[an error occurred while processing this directive]
BBC News
watch One-Minute World News
Last Updated: Tuesday, 13 May, 2003, 13:47 GMT 14:47 UK
Hands up if you want a week of your own
By Giles Wilson
BBC News Online

Ever noticed how under-appreciated the humble balloon is? This week is your chance to put that right, as celebrations take place for National Balloon Week.

It's the one opportunity in the year when people can, in the words of the organisers, recognise "the versatility of applications and market opportunities that balloons can offer".

While you're at it, why not mark just one of those applications by making the small logical leap and also celebrating National Condom Week, which by a happy coincidence also falls this week.

While contemplating that particular form of contraception, who would complain if you took advantage of the opportunity to indulge in a bit of National Positive Parenting Week (also this week)?

Whatever the size of people's budgets or their PR machines allow, they can do what they like
Vicki Ormiston
Campaign Awareness Register
And if that's a success, the fact of it being National Breastfeeding Awareness Week is merely a natural consequence.

Of course instead of that happy outcome, you might find other people are simultaneously indulging in National Smile Week by making the most of National Gossip Week and talking about your efforts.

You could point out to them that although it's National Feast Your Eyes Week, they should not use that as an excuse to ogle - the aim of that particular campaign is to raise awareness of what foods are good for your eyesight.

Jeff Bezos, boss of Amazon
Smile! Next week's Barbecue Week!
Advise them for their own protection to avert their eyes - and while doing so it's only responsible to remind them that dark glasses can significantly protect their eyes from the sun's harmful rays (it is Sun Awareness Week, after all).

All this talk of awareness weeks - there are at least 15 separate campaigns running this week alone - could be found irritating by some people. But probably not irritating enough to justify contacting the organisers of National Allergy Week. And certainly not enough to contact the good folk behind National Samaritans Week.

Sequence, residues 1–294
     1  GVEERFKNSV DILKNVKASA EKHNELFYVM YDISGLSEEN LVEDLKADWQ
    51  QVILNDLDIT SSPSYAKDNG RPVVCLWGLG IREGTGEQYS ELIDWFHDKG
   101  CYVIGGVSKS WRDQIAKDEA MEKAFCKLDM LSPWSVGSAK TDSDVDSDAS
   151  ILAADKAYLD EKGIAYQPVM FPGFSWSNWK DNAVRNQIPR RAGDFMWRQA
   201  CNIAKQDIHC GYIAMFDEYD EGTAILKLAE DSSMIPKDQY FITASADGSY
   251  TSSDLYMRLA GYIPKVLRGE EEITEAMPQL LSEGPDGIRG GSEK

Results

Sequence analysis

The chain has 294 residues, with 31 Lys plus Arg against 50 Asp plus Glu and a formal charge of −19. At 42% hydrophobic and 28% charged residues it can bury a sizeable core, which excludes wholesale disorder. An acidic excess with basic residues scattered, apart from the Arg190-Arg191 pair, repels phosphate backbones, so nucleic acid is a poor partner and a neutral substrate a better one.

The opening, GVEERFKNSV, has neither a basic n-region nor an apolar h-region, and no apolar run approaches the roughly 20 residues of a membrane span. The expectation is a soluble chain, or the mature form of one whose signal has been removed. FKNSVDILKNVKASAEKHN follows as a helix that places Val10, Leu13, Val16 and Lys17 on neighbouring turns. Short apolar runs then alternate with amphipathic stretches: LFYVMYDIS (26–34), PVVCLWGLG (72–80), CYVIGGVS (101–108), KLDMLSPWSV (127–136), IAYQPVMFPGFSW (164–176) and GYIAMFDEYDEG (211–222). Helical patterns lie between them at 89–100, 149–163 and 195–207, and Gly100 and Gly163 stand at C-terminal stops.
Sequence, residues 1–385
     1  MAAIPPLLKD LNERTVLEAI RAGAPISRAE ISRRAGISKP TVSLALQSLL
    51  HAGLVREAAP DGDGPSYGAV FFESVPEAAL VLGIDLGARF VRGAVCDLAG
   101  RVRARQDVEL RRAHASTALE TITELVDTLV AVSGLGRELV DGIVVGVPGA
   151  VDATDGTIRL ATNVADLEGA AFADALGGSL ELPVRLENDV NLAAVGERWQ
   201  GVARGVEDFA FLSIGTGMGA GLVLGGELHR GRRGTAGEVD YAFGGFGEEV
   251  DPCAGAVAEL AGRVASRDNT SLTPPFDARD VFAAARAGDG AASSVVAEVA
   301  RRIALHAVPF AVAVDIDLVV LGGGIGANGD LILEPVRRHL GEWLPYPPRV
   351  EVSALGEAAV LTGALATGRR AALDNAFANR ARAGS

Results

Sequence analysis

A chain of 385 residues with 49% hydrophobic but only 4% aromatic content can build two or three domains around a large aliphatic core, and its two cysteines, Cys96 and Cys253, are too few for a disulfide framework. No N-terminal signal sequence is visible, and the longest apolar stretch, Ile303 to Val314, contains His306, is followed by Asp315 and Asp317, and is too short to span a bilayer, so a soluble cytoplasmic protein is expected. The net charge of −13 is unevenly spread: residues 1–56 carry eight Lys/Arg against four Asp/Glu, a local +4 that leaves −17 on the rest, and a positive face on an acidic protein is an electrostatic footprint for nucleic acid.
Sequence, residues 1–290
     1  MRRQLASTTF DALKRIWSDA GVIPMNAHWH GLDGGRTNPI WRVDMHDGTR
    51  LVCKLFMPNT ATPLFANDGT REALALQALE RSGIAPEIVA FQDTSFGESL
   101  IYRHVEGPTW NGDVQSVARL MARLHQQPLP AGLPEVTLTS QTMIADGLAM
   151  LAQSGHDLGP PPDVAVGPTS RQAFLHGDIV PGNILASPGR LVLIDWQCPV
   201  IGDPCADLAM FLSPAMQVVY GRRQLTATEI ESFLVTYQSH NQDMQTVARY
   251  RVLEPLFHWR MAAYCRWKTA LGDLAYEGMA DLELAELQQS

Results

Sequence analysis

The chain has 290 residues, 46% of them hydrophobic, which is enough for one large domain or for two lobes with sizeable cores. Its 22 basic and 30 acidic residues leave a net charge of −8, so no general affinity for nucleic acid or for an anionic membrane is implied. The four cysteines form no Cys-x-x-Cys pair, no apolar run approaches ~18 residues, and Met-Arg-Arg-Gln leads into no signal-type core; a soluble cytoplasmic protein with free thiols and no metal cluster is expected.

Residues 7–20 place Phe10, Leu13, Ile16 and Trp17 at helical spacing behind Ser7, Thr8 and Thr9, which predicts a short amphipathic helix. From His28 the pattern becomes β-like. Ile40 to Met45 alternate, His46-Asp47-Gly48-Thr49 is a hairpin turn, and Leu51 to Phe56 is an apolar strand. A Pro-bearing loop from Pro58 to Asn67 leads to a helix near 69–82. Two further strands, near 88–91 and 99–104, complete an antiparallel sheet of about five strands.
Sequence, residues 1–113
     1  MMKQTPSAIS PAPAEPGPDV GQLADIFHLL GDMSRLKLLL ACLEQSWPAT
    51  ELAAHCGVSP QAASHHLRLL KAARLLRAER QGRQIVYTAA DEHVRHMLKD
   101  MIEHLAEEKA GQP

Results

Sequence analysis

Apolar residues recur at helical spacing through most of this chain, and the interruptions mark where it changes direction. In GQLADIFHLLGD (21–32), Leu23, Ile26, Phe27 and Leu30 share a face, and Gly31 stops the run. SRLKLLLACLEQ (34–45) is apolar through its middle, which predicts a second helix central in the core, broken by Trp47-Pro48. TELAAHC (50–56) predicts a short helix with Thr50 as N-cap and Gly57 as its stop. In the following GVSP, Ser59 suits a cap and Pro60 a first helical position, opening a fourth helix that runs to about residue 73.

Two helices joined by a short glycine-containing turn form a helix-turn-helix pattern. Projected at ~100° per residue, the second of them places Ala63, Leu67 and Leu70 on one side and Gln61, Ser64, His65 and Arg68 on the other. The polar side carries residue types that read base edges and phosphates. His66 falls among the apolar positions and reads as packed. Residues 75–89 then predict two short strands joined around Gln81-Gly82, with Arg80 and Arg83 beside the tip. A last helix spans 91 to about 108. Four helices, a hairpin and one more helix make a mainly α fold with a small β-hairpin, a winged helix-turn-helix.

Vicki Ormiston has seen it all before. She edits the Awareness Campaign Register, run by PR firm The Profile Group, and is a rare point of contact between the thousands of charities, good causes and companies on the look-out for a bit of media attention.

Peak weeks

The number of awareness campaign weeks has soared since Christian Aid (it is also Christian Aid Week, by the way) first came up with the idea in 1957. There are now more than 500 weeks unevenly distributed throughout the year - perhaps raising the prospect that the British Horse Society's National Access Week (this week) risks becoming an also-ran.

Collecting cans
Make your point
"May is one of the very popular months, and this is one of the best weeks," says Ms Ormiston. "There are two peak times in the year for awareness campaigns - May and October - but this week is one of the most popular in the calendar."

People have got the impression that many awareness campaigns have become marketing exercises, she says. (National Gossip Week, for instance, is something of an excuse to publicise the 10th anniversary of supermarket tabloid the National Inquirer being published in the UK).

But nearly 90% of campaigns - such as ME Awareness Week (that's this week) - are run by the traditional charities and not-for-profit organisations.

You can actually do quite amazing things with balloons
Kate Walker
The Balloon Association
In the past, many charities depended on door-to-door collection for the bulk of their funds, so they guarded their own particular week jealously. But now much funding-raising is done by direct debit - hence "chuggers" or charity muggers in shopping streets asking passers-by if they can spare a minute. The charities' weeks therefore have become more a tool for raising awareness than funds.